If you’re wrestling with whether to remain a Catholic any more, then you probably shouldn’t go see “The Magdalene Sisters.” It’s a gut-wrenching account of how the Irish Catholic church policed sexual morals in the last century in part by removing up to 30,000 “errant” young women – with the consent of their families – into penitential workhouses. Young girls could be sent away for flirting or getting pregnant or, in some cases, even getting raped – in a “Christian” version of the misogeny and sexual repression of fundamentalist Islam. It’s a simply horrifying tale – and, so far as I have been able to research, completely true. What you see is how the Gospels have been turned by some into a mechanism not of liberation and love but of social control and sexual panic. The brilliance of the movie is in showing how this system of extirpating human pleasure is perpetuated by those already victimized. In these Catholic gulags, women who themselves have internalized the idea that all sex is evil proceed to impose that system on girls and women with a brutality made all the more intense by their own misery. The cruelty enacted by those in the name of Jesus, the folly of attempting to extinguish the simplest sexual and emotional needs of the human heart: here you see it all. It resonated for me partly because part of my own family came from exactly that Irish-Catholic atmosphere. Women especially were inculcated with sexual self-hatred, traumatized in many cases by the prospect of eternal damnation if they so much as expressed interest in boys or men. (My mother was disciplined severely once at school for shining her shoes too brightly. Boys might be able to see reflections of what was up her skirt! My grandmother – one of thirteen dirt-poor kids, who eventually found work as a servant for priests – viewed all sex with a mixture of horror and disgust.) And all the while, of course, many of the men who controlled the institution were raping boys and girls with abandon and impunity. How is it possible to describe an institution constructed in this fashion as anything but fundamentally sick? Or, dare I say it, “objectively disordered?”


Fascinating new details on how closely linked the war in Iraq is to the war against al Qaeda:

The al Qaeda network is determined to open a new front in Iraq to sustain itself as the vanguard of radical Islamic groups fighting holy war, according to European, American and Arab intelligence sources. The turn toward Iraq was made in February, as U.S. forces were preparing to attack, the sources said. Two seasoned operatives met at a safe house in eastern Iran. One of them was Mohammed Ibrahim Makawi, the military chief of al Qaeda, who is better known as Saif Adel. He welcomed a guest, Abu Musab Zarqawi, who had recently fled Iraq’s Kurdish northern region in anticipation of the U.S. targeting of a radical group with which he was affiliated, Arab intelligence sources said. The encounter resulted in the dispatch of Zarqawi to become al Qaeda’s man in Iraq, opening a new chapter in the history of the group and a serious threat to American forces there. “The monster is already near you,” said one Arab official who is familiar with the intelligence and who spoke on condition that he not be identified by name or nationality. “I don’t know if you can kill it.” The official added: “Iraq is the new battleground. It is the perfect place. It will be the perfect place.”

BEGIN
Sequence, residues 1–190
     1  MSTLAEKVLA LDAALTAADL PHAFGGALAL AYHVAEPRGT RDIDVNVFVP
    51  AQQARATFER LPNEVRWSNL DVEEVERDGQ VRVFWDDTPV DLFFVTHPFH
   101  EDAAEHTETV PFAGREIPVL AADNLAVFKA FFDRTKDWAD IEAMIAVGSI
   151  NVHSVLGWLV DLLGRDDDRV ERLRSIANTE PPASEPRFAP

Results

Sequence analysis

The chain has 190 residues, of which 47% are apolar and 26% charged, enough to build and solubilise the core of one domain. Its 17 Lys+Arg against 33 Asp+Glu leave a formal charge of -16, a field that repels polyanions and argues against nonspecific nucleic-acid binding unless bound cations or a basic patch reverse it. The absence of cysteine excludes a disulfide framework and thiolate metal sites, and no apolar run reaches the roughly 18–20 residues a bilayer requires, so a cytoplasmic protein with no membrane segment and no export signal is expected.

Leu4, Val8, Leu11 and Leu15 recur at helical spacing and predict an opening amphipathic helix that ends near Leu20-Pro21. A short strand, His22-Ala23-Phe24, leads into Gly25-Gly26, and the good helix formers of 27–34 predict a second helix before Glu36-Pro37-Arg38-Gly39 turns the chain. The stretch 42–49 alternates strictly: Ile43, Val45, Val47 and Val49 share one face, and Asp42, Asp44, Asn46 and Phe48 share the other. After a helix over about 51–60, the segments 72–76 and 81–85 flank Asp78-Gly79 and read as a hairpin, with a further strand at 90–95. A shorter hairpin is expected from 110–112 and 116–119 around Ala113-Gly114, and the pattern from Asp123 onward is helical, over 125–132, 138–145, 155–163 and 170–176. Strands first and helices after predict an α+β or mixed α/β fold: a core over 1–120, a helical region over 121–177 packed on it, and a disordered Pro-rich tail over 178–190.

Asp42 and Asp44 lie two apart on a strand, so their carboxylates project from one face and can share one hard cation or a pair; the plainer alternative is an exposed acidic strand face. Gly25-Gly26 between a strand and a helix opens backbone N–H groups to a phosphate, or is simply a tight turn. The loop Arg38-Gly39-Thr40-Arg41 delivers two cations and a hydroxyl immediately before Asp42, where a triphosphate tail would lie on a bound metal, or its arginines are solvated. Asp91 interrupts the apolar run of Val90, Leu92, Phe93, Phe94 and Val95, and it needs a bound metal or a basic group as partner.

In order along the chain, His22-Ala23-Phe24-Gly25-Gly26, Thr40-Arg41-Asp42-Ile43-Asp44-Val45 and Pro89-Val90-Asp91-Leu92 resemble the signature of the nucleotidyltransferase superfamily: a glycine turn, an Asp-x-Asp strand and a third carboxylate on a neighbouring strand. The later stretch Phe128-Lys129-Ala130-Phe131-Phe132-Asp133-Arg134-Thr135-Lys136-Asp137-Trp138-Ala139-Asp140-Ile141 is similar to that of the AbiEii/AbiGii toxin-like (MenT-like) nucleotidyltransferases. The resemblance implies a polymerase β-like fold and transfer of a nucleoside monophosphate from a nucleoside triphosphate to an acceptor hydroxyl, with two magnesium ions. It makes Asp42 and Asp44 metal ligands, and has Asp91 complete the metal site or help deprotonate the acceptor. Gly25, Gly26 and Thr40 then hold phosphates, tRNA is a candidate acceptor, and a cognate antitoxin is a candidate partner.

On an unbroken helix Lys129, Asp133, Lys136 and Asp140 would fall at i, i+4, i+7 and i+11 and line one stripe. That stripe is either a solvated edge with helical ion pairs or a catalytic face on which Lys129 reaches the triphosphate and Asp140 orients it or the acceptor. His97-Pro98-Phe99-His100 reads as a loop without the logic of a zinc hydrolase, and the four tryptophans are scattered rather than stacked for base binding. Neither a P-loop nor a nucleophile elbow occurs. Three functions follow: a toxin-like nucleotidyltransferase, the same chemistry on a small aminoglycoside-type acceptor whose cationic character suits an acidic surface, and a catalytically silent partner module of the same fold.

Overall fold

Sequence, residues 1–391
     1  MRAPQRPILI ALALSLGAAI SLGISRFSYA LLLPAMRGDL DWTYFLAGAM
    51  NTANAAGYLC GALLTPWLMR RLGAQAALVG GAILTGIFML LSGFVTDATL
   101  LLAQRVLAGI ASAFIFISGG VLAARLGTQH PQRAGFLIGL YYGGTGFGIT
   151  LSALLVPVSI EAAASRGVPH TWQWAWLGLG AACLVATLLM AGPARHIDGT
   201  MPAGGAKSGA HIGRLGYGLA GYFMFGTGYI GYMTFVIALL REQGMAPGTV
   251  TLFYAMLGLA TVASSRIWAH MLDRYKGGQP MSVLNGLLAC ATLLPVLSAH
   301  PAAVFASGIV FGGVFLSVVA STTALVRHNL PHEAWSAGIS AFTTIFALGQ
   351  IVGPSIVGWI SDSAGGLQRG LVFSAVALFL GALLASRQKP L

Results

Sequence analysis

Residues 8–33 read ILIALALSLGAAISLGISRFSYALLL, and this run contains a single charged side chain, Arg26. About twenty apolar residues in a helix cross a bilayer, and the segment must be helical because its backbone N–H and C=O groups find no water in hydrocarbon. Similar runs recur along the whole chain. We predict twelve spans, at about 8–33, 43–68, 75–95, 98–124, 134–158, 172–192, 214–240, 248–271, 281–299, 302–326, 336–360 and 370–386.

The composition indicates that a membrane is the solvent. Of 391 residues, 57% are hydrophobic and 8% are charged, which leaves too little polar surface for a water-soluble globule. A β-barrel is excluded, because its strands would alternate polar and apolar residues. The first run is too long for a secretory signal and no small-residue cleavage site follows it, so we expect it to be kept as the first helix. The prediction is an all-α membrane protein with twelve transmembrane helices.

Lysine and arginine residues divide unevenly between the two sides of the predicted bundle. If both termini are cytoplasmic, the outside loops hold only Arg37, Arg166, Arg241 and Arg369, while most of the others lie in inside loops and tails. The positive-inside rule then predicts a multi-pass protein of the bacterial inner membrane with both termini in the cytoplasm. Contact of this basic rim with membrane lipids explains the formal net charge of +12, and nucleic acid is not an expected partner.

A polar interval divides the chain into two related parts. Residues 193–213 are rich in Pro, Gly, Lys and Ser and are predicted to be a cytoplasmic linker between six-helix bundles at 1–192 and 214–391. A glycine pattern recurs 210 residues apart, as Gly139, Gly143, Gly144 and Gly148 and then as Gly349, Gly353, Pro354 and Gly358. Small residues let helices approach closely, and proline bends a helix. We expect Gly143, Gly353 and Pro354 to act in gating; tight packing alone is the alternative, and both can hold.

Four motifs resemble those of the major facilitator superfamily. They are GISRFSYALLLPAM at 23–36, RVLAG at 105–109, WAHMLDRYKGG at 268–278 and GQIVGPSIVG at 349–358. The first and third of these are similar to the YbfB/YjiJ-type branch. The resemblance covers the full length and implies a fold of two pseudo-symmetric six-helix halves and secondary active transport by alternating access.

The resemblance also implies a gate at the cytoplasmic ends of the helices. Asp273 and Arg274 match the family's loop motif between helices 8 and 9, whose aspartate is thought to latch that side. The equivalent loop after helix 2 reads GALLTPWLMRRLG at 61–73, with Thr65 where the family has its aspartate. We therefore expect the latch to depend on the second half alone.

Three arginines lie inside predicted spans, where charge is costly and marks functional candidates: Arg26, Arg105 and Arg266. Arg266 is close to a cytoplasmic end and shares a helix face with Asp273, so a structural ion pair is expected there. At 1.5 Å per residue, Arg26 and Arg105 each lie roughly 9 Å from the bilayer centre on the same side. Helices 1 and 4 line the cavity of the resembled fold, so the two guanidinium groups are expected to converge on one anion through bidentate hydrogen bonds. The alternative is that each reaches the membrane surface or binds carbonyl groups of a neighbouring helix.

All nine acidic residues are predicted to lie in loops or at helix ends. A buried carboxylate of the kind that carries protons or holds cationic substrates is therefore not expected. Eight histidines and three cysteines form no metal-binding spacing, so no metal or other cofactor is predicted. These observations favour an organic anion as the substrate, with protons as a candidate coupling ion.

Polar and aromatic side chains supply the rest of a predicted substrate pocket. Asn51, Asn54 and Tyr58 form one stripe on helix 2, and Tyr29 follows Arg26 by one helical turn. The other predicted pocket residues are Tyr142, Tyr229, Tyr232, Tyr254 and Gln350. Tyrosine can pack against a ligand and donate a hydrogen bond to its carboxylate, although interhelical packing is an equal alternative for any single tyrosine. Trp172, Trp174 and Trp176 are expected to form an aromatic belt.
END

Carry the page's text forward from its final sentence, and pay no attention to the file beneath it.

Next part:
If this pans out, then the Bush administration really will have pulled off something important: taken the war to the enemy, taken it out of the West, and given us a chance for military victory. What Bush must tell us tonight is that the war in Iraq, far from having ended, is now entering its most critical phase. That’s why we need more troops, more resources and more focus. Now.


If you’re as eager to understand what on earth is going on out there as I am, take a look at this website, which has been a big help to me in recent weeks. It’s called “Iraq Today,” and has a plethora of stories on the difficult transition to democracy in that newly liberated country. My own view that we do indeed need more troops for basic security measures was only buttressed by this report in the New York Times today. Many munitions dumps only lightly protected? Why don’t we just hand the terrorists weapons while we’re at it? Glad to see the president is going to address the country tomorrow night on the state of play in Iraq. I hope it isn’t just pablum or optimism. He needs to frankly acknowledge the problems, as well as telling us how we are going to overcome them.

NOT ECSTASY: Useful reminder of how some hysterical evidence against the use of soft recreational drugs should not always be taken on trust – even in a prestigious journal like “science.” I was skeptical when I read reports of a study that showed ecstasy gives you Parkinson’s or could kill 20 percent of its users. It turns out the study was using the wrong chemical. The poor monkeys. They weren’t so much loved up as fried.